British_-_Field_of_the_Cloth_of_Gold_-_Google_Art_ProjectBefore then he had attended Henry VIII at the Field of Cloth of Gold in 1520, been created 1st Viscount Lisle in 1523, selected to the Privy Council and made Governor of Calais and Warden of Cinque Ports.
It is during his time in Calais that Arthur Plantagenet – and his second wife Honor – maybe unwittingly make his imprint on history. It didn´t happen through some heroic act, and probably wasn´t paid much heed to then, other than Cromwell to some extent criticized him for it: he wrote a copious amounts of letters. The criticism directed at him was that Cromwell felt he paid too much attention to trivial things that had no importance to the machinations of politics. But without those letters, today known as “The Lisle Letters”, chances are much less would have been known about the time in which Arthur Plantagenet lived and worked.
The correspondence was between Lord and Lady Lisle and their family, court acquaintances, servants, their retainers and Lord Lisle´s agent in London, John Husee.

Of these letters, the amazing number of 3 000 survives today, the largest collection of letters from the period belongingGeorgeRolle_LetterToLadyLisle_28Feb1539 to the same person, and has been of an enormous importance for historians and others interested to gain an insight to the period. The main reason for them surviving is a sad one.
In 1540, several members of the Plantagenet household was arrested for treason on the charges of plotting to surrender the town on Calais to the French. The actual plotters were all executed, but no evidence could be found against Arthur Plantagenet himself, even though his extensive correspondence had been seized and read by the crown. Even so, he was kept in the Tower for two years, and no longer being a young man, it no doubt took its toll on him. I recently read that Arthur eventually was allowed to move around the Tower walls. Looking out over the Thames, he saw his nephew and old friend, Henry VIII, travelling in the Royal Barge. Arthur raised his hands, waved and shouted.

The next day he had a visit to his cell from Henry´s secretary with the news that he was going to be free and be returned to his offices. This was however too much for the old man to handle and he had a heart attack.
Two days later, on March 3rd 1542, Arthur Plantagenet died.

His vast correspondence is now kept at The National Archives at Kew, and can be looked at by the public. The letters range from January 1st 1533 to December 31st 1540.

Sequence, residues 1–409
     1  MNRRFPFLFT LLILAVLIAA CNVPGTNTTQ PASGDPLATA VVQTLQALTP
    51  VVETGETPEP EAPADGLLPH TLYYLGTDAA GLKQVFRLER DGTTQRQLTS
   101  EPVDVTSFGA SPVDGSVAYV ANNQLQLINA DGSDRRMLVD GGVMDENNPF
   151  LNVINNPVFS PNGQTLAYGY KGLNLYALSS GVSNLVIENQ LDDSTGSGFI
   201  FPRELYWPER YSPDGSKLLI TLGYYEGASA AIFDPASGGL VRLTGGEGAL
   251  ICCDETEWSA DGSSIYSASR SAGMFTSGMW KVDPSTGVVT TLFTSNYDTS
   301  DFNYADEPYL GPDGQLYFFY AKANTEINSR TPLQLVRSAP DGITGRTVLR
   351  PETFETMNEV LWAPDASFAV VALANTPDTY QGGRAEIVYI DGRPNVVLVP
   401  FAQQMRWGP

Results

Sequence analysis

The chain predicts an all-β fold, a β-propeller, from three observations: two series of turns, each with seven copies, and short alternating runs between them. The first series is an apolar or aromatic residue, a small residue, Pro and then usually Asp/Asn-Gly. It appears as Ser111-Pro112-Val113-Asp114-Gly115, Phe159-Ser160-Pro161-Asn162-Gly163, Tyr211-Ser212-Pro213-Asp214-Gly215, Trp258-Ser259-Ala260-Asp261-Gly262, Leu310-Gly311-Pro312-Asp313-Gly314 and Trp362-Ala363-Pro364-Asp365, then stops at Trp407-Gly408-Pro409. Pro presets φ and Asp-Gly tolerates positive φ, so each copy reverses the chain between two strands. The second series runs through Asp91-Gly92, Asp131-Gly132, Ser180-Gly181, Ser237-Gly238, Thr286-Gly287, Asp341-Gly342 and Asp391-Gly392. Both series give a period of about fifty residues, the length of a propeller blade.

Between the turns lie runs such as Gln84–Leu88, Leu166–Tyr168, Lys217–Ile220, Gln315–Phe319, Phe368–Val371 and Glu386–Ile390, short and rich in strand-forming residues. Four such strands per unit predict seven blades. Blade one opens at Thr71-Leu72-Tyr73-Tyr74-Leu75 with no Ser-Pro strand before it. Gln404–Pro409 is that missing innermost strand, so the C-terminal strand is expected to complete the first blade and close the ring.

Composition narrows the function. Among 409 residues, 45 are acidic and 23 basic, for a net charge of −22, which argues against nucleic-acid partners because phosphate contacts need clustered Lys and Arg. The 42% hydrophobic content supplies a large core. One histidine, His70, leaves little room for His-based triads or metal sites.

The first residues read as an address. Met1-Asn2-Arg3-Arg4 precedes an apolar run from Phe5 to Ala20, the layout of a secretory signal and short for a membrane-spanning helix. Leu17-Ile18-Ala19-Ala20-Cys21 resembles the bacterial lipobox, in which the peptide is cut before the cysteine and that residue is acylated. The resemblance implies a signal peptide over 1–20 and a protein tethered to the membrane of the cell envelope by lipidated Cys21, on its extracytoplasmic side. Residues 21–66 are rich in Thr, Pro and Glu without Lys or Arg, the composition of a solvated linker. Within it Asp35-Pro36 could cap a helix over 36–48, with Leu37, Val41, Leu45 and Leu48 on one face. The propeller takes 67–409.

Sources: The Lost Prince, The survival of Richard of York – David Baldwin

The Lisle Letters, an abridged version – Muriel St. Clare Byrne

Letter to Honor Plantagenet, Lady Lisle, from George Rolle, Devon – The Lisle Letters, 6 vols, Muriel St. Clare Byrne

The Battle of Towton

Richard_Caton_Woodville's_The_Battle_of_Towton554 years ago, in 1461, Palm Sunday was on the 29th of March. Just like this year. Just like today.

And today, 554 years ago, Lancastrians and Yorkists met at the battlefield of Towton in Yorkshire. This is said to have been the bloodiest battle in English history and when the arrows stopped falling from the sky, the swords, axes and hill bards stopped crossing each other, approximately 28 000 men lay dead in the snow.

When the forces arrived at the battlefield to be, it was by no means a given that the Yorkist would win, fact is that it seemed likely that the outcome would be quite the opposite, as the Yorkist forces was heavily outnumbered by the Lancastrians, a fact underlined by the late arrival of John de Mobraw, 3rd Duke of Norfolk and his forces on the “scene”.

It was the sixth year of the Wars of the Roses, and in command of the Yorkist forces was Edward, Duke of York who had been proclaimed king in the beginning of March but not yet crowned, together with the Earl of Warwick, the future Kingmaker. Someone who wasn´t participating in this battle, however, was the recently reinterred Richard, who at this time hadn´t yet turned 9.

Francois_Gravelot's_Henry_VI_Act_2_Scene_5_(crop_2)Chronicler at the time claimed that both forces where huge, but recent historians has claimed that a total of 50 000, the majority Lancastrians, is more believable. The battle took place on a plateau between the two villages of Saxton and Towton, in a landscape that was, and still is, agricultural with open areas and small roads where the armies could be manoeuvred. Around the plateau flowed the stream Cock Beck from north to west, and the ground was also divided by the Towton Dale, running from west to the east and into the North Acres. At a bend of the beck, on the west side of the plateau, Castle Hill Wood grew, and it was the area north-east of this forest that after the battle was to become known under the name Bloody Meadow after the battle and the people who lost their lives there.